A crew chief guides a KC-135 Stratotanker Feb. 24, at Manas, Kyrgyzstan, after the base's last combat-refueling mission over Afghanistan. (Staff Sgt. Travis Edwards/Air Force)
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The last U.S. personnel are expected to leave the Transit Center at Manas, Kyrgyzstan, by the end of the week, a spokesman for Air Forces Central Command said Tuesday.
The Air Force held symbolic ceremonies Tuesday transferring back the facilities to the Krygyz government, said Lt. Col. Tadd Sholtis. The transfer and inactivation become official after the expiration of the current lease next month and departure of military personnel in a few days.
“There are no U.S. military aircraft remaining at Manas,” Sholtis said in an email to Military Times. “The facilities at the center — along with approximately 65 pieces of excess equipment or vehicles ranging from de-icing machines to pickup trucks — will be included in the transfer. Serviceable military equipment was transported back to the United States or other military installations overseas; unserviceable equipment was disposed of through a certified disposal facility that was established at the base.”
For most of the war in Afghanistan, Manas had been a major transit hub for U.S. troops headed to and returning from Afghanistan, but the U.S. lease on the base expires this month because the Kyrgyz parliament voted last year to end the lease. The last passengers flew from Manas to Afghanistan on Feb. 28.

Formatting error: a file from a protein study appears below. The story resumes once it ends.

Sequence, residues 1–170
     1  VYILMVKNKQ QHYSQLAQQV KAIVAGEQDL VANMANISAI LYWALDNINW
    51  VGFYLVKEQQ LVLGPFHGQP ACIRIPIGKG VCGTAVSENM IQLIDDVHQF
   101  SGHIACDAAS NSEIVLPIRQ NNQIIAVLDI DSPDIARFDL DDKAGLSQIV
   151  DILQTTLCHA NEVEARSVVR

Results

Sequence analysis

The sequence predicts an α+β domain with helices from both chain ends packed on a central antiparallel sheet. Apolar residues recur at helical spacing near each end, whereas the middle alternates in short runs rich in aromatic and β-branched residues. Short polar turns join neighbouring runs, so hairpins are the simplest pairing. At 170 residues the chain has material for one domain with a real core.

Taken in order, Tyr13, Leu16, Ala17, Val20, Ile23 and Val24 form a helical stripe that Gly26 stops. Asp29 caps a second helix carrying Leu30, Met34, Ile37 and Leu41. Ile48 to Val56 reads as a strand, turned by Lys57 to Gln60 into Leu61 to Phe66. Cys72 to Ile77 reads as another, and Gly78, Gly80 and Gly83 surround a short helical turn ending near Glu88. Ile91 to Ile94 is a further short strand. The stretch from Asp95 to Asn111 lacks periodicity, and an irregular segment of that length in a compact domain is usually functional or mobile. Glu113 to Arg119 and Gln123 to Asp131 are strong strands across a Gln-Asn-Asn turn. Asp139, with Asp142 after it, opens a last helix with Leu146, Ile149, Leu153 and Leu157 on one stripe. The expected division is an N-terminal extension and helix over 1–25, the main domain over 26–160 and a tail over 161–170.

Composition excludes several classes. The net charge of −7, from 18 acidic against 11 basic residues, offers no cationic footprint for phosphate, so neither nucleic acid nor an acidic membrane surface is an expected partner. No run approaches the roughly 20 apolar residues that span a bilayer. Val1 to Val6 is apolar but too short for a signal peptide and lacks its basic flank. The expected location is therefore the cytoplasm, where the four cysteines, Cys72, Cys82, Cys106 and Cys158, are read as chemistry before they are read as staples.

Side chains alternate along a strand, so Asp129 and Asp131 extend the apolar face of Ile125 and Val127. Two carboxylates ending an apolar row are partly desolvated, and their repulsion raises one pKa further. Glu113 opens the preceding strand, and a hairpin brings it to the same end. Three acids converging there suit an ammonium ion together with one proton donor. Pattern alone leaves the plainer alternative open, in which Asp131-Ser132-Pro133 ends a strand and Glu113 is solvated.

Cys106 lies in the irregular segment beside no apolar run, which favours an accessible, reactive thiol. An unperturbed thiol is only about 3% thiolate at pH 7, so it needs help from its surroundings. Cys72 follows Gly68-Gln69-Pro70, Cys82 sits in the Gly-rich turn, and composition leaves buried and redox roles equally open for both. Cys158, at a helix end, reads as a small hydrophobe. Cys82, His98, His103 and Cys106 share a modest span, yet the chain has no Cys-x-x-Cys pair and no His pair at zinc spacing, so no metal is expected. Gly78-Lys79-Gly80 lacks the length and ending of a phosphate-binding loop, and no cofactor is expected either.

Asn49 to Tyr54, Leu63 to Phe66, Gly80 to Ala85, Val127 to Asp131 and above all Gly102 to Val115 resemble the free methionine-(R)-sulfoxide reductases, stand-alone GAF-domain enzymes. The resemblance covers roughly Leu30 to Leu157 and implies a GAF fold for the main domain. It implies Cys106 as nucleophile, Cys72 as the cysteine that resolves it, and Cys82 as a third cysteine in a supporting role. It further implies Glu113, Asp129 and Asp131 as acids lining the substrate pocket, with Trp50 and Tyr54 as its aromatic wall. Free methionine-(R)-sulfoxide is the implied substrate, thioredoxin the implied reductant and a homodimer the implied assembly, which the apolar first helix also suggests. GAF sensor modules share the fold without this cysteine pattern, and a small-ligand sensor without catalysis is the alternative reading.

With the war in Afghanistan coming to an end, the transit center’s importance has waned. President Obama has approved keeping 9,800 U.S. troops in Afghanistan after this year if the next Afghan president signs a bilateral security agreement with the U.S., which would withdraw almost all of its troops by the end of 2016.
As of early February, a new transit center at the Mihail Kogalniceanu Air Base in Romania has been operational, serving as a jumping off point for troops headed to Afghanistan.
The hub in Romania is also ideally suited for supporting missions in Central and South Asia, an official with U.S. Transportation Command told Air Force Times in April.
Both TRANSCOM and U.S. European Command “will continue to work with our proven Romanian partners to enhance access at this valued site,” Army Maj. Jeremiah O’Connor said in an email.
Meanwhile, the U.S. government is looking for opportunities to increase training exercises in Romania and other countries in Eastern Europe in the aftermath of Russia’s aggressive actions in Ukraine. Air Force Gen. Philip Breedlove, commander of U.S. European Command and Supreme Allied Commander in Europe, has said that NATO needs to take a “hard look” at how its forces are arrayed in Europe.
“NATO must be prepared to respond effectively in a security environment affected by a country that conducts snap exercises and masses armed forces on borders to influence events inside that country,” Breedlove told Military Times in May. “In order to be more responsive there are a number of steps that can be taken. One of these to be considered is positioning. Again, these decisions are made at the political level.”